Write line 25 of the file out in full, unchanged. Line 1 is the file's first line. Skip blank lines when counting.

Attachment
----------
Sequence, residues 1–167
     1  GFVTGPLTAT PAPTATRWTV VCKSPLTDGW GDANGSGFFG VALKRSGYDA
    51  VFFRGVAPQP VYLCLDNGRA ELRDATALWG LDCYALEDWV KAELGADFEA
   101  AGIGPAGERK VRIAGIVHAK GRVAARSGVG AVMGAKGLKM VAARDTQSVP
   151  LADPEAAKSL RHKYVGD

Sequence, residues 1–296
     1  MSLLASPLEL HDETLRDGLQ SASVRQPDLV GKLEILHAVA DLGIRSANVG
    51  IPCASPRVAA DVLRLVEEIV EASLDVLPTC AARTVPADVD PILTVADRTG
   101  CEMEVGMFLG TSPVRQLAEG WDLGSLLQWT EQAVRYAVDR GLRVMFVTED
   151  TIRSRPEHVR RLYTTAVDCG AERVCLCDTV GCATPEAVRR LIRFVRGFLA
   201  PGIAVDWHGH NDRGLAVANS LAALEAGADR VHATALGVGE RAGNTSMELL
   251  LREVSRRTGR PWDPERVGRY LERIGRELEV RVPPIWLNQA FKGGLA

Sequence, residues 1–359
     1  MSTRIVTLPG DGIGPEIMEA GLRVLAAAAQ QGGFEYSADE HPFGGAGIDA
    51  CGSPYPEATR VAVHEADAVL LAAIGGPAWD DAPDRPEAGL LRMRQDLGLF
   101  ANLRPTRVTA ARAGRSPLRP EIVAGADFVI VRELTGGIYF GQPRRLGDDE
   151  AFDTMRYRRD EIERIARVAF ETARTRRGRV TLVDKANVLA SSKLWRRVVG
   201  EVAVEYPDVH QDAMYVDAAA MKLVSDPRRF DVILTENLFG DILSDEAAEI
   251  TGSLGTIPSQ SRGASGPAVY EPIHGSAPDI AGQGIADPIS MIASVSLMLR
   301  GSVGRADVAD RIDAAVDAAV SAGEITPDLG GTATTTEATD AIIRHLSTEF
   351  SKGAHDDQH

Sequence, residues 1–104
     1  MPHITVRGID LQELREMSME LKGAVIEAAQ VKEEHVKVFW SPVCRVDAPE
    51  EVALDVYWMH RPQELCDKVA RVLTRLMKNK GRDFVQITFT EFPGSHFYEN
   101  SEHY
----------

   101  SEHY